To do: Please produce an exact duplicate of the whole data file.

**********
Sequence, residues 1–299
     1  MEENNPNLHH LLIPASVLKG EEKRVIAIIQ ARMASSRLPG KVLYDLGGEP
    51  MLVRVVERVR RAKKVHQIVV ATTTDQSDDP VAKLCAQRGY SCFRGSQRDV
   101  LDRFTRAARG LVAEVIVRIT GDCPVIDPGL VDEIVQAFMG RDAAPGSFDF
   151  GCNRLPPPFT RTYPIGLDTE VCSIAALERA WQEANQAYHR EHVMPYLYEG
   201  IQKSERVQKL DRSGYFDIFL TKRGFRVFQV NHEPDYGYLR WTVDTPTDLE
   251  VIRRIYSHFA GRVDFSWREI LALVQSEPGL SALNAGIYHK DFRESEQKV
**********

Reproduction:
Sequence, residues 1–299
     1  MEENNPNLHH LLIPASVLKG EEKRVIAIIQ ARMASSRLPG KVLYDLGGEP
    51  MLVRVVERVR RAKKVHQIVV ATTTDQSDDP VAKLCAQRGY SCFRGSQRDV
   101  LDRFTRAARG LVAEVIVRIT GDCPVIDPGL VDEIVQAFMG RDAAPGSFDF
   151  GCNRLPPPFT RTYPIGLDTE VCSIAALERA WQEANQAYHR EHVMPYLYEG
   201  IQKSERVQKL DRSGYFDIFL TKRGFRVFQV NHEPDYGYLR WTVDTPTDLE
   251  VIRRIYSHFA GRVDFSWREI LALVQSEPGL SALNAGIYHK DFRESEQKV